Classical CD Reviews

“Venezuela” – Clara Rodríquez, piano [TrackList below] – Nimbus Alliance

Many of the pieces on this recital will have currency as crossover music, for those attuned to its charms. I just want to hear what Clara Rodríguez can do with a meatier program.

Published on March 13, 2011

“Venezuela” – Clara Rodríquez, piano [TrackList below] – Nimbus Alliance

“Venezuela” – Clara Rodríquez, piano [TrackList below] – Nimbus Alliance NI 6122 [Distr. by Allegro], 74:24 ***:

Pianist Clara Rodríguez, a resident of London since she won a scholarship to the Royal College of music at seventeen, has stayed true to her Latin roots and can be credited with enlightening and entertaining England and indeed the rest of the world with the piano music of her native Venezuela. She’s frequently heard in recital and concert halls, as well as on the BBC and Classic FM. Being behind the curve sometimes even as regards my own instrument of choice, I haven’t caught up with one of her recordings until now. My reaction: On the plus side of the ledger, her pianism is all that it’s reported to be—colorful, sensitive, technically secure. On the debit side, as a Londoner might say, the program on this CD is “much of a muchness,” so the generous timing can’t be placed on the plus side of the ledger either.

The disc features the many faces of the joropo, the national dance of Venezuela. Or rather, that’s the problem: the joropo doesn’t really have many faces. It is generally a fast, syncopated dance with roots in the ancient dances of the Iberian Peninsula such as the fandango and jota. Rodríguez adds that it also gained Arabic influences during Moorish rule and during Spain’s colonial period took on influences of Africa, as well as “indigenous elements of in the Orinoco Basin and its savannas.” Actually, the first of the joropos that she offers, Pajarillo by Luisa Paesano, has a minor-key focused seriousness about it not typical of the other joropos on the disc, which are true to the bouncy dance-party norm. Since the joropo is also related to its generally slower and more genteel cousin the waltz, Rodríguez includes a number of those as well, which adds some variety, but again not much. We are still firmly rooted in the salon, where stylized dances are stock in trade.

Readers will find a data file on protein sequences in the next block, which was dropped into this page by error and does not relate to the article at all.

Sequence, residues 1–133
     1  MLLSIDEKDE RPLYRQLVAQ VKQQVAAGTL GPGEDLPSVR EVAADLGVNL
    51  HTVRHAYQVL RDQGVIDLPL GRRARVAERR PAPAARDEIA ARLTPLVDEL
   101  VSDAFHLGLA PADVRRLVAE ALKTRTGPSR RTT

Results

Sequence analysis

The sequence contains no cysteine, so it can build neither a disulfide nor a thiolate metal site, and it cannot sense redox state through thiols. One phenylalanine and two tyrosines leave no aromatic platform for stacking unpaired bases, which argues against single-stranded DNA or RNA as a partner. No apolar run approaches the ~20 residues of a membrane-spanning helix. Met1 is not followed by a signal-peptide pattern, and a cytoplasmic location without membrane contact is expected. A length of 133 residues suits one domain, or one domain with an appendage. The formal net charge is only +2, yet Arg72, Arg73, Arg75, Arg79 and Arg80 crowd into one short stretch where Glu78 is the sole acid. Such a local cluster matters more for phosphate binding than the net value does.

In the middle of her recital, Rodríguez includes music that stands out for me in terms of both difference from the norm and overall quality. Antonio Lauro’s Canción and Vals criollo made me sit up and take notice, as did Modesta Bor’s lively Latinate Fuga. This is music that puts a new spin on old forms, and as I say the quality of invention here is more than a cut above. In the same vein is Ricardo Teruel’s dissection of the waltz titled Destilado de vals. It follows its own strange logic melodically and harmonically, scattering its basic waltz melody to the four winds before the final ironically sedate cadence.

Rodríguez includes a pair of merengues by Francisco Pacheco and Pablo Camacaro. The merengue is also a national dance, of the Dominican Republic. It, too, is vigorous, jumpy in rhythm; to the untutored it doesn’t sound a heck of lot different from many of the joropos on the program. From Simon Diaz, we have Caballo viejo, a pasaje llanero, which Rodríguez describes as “a slower kind of joropo that has been performed by singers like Julio Iglesias, Oscar D’León and the Gipsy Kings.” Like many of these pieces, Diaz’s Caballo viejo will have currency as crossover music, for those attuned to its charms. However, the whole program just makes me want to hear Clara Rodríguez in more interpretively demanding repertoire.

Antonio Lauro: Canción, Seis por derecho (Joropo), Waltz "Vals criollo"
Federico Ruiz: Aliseo (Joropo), Zumba que zumba (Joropo)
Federico Vollmer: Jarro mocho (Joropo), Waltz "El atravesado"
Luisa Elena Paesano: El porfiao (Joropo), Pajarillo (Joropo)
Modesta Bor: Fuga, Waltz "Juangriego"
Pablo Camacaro: Diversión (Ritmo Orquídea), Don Luis (Merengue)
Pedro Elias Gutiérrez: Alma llanera (Joropo)
Ramón Delgado-Palacios: Waltz "La Dulzura de tu rostro"
Manuel Yánez: Waltz "Viajera del río"
Francisco Delfín Pacheco: El cumaco de San Juan (Merengue)
Heraclio Fernández: El Diablo suelto (Waltz-Joropo)
Evencio Castellanos: Waltz "Mañanita caraqueña"
Juan Carlos Núñez: Waltz "Retrato de Ramón Delgado Palacios"
Luis Laguna: Waltz "Creo que te quiero"
Maria Luisa Escobar: Nocturne-Waltz "Noche de luna en Altamira"
Miguel Astor: Waltz "Adriana"
Ricardo Teruel: Waltz "Destilado de vals"
Simon Diaz: Caballo viejo (Pasaje Llanero)

–Lee Passarella

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